Using the league data obtained by CBSSports.com, Jim Grinstead of Revenues from Sports Venues created sort of a Class Warfare Index for NBA teams. It shows some things you'd expect -- such as some of the biggest-market teams making the most money on ticket sales -- and some things you might not. Portland, New Orleans and Orlando are great examples of why a better revenue sharing model is needed. All three teams were above the league average in total ticket sales but below average in ticket revenue simply because those markets can't support high enough prices. The Blazers are the most blatant example, selling an average of 17,872 tickets per game (third in the league) but generating only $813,809 per game (15th).
"The key on Portland and New Orleans is that they aren't maximizing their ticket revenues per fan in the stands compared with other teams," Grinstead said. "It could be that they are underpriced, or it could be that their market won't allow more aggressive pricing. You can't charge New York prices in Milwaukee."
|Portland Fans fill the Rose Garden seats, but the Blazers can't charge what big-market teams do. (Getty Images)|
The NBA's luxury tax acts as a revenue-sharing instrument to the extent that teams exceeding the threshold -- $69.92 million of payroll for the 2009-10 season -- pay the teams that aren't. The NBA also has used a little-known "assistance program" to help low-revenue teams since the 2005-06 season, said Joel Litvin, the NBA's president of league and basketball operations. A struggling team in a two-team market, such as the Nets or Clippers, could qualify even though they're in a large city.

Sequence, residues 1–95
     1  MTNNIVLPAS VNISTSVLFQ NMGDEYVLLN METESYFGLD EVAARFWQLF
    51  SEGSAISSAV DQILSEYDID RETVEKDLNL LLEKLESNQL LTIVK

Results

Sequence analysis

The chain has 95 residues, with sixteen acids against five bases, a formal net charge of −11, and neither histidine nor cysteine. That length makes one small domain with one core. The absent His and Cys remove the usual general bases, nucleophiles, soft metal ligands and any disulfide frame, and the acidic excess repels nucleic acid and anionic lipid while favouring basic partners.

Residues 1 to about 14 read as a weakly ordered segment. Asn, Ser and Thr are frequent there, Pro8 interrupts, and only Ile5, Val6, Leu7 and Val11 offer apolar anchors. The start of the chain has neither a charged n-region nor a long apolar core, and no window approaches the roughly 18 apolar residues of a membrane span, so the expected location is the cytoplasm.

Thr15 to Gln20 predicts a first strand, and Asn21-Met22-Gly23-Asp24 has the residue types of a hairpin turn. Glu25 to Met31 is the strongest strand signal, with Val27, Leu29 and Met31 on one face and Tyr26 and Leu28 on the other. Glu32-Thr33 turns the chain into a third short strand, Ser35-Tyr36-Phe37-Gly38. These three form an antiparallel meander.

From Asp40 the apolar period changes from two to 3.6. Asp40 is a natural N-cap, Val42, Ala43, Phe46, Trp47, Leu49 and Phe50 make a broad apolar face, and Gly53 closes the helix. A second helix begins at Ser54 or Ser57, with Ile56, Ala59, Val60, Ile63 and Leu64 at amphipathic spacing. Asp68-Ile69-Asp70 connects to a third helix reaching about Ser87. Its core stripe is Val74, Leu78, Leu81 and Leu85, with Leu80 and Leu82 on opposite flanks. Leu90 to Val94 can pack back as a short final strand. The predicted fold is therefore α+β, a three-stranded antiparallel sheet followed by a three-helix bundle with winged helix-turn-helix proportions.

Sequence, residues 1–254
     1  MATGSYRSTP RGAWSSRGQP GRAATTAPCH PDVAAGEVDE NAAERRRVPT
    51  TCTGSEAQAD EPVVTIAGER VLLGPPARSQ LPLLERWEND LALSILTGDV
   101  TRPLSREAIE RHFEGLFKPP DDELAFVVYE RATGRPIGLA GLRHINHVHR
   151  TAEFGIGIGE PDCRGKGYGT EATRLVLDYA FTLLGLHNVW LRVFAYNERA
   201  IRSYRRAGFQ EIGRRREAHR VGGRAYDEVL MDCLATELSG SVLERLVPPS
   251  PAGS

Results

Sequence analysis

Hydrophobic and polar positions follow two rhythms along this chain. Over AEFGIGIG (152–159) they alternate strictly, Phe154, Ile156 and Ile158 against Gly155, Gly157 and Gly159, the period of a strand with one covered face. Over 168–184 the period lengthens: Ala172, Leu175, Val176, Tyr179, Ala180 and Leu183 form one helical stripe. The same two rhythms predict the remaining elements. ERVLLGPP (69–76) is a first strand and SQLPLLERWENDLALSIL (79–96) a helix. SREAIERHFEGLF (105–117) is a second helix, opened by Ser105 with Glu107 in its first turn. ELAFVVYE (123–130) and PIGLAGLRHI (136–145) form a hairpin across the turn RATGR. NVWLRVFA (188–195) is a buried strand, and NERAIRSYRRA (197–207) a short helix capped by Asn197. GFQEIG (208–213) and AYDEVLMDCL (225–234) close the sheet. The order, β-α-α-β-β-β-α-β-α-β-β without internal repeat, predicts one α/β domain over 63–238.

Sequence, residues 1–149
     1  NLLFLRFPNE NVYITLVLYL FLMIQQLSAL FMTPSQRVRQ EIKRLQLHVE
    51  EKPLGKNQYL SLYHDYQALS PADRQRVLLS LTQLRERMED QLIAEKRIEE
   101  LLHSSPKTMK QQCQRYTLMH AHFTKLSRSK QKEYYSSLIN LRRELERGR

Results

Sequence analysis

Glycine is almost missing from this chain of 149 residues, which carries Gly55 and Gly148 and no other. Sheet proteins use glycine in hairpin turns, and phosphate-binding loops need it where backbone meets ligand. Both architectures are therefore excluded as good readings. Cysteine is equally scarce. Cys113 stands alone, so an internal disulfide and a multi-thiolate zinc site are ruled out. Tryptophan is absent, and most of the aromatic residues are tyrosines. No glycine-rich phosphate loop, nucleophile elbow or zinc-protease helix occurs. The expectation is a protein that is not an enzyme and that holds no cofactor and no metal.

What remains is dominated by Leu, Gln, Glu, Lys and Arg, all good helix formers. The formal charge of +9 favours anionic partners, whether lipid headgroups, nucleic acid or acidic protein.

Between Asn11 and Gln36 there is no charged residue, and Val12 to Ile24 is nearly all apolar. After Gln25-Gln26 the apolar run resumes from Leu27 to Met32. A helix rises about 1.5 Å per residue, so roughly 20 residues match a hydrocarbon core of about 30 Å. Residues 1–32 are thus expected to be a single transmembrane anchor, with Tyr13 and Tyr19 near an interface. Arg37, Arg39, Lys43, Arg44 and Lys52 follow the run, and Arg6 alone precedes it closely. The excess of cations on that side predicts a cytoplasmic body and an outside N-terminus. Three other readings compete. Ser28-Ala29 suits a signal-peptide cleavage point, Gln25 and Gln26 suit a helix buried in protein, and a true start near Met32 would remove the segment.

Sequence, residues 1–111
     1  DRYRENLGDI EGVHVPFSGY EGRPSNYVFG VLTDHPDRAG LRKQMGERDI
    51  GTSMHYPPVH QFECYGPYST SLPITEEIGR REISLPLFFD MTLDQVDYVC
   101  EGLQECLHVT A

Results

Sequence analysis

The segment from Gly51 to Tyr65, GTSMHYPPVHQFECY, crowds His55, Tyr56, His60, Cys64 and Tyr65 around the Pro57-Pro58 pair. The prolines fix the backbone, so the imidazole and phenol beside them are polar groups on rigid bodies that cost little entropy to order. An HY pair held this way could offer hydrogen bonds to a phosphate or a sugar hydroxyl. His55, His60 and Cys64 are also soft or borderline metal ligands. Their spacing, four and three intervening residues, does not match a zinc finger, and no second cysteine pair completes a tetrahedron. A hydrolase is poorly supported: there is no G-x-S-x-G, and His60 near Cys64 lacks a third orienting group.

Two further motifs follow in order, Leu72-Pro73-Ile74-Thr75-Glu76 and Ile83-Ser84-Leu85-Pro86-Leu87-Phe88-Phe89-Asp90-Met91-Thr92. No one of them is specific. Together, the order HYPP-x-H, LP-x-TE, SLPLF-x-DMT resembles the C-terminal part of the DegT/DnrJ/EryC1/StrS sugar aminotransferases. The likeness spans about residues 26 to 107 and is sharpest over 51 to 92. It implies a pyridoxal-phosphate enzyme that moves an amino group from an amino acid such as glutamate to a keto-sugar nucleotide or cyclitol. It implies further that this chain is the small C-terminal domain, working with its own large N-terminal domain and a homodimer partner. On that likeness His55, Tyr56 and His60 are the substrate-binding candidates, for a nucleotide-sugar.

The NFL has a similar program that provides $10 million to $15 million in additional shared revenue per season, according to an NFL source. The NBA declined to detail how much money its assistance program provides to low-revenue teams, but Litvin said the amount increased in 2008 when owners voted to extend the program.
Revenue sharing has not been included in previous collective bargaining negotiations because both sides view it as an internal issue for the owners. But that attitude has changed this time around, given concern on both sides about how the sagging economy could affect business. With the salary cap expected to decline in the last two seasons of the current CBA and owners asking for a greater share of revenue in the next agreement, the union is concerned that players' movement and earnings will be further restricted by the growing number of teams unable to compete financially.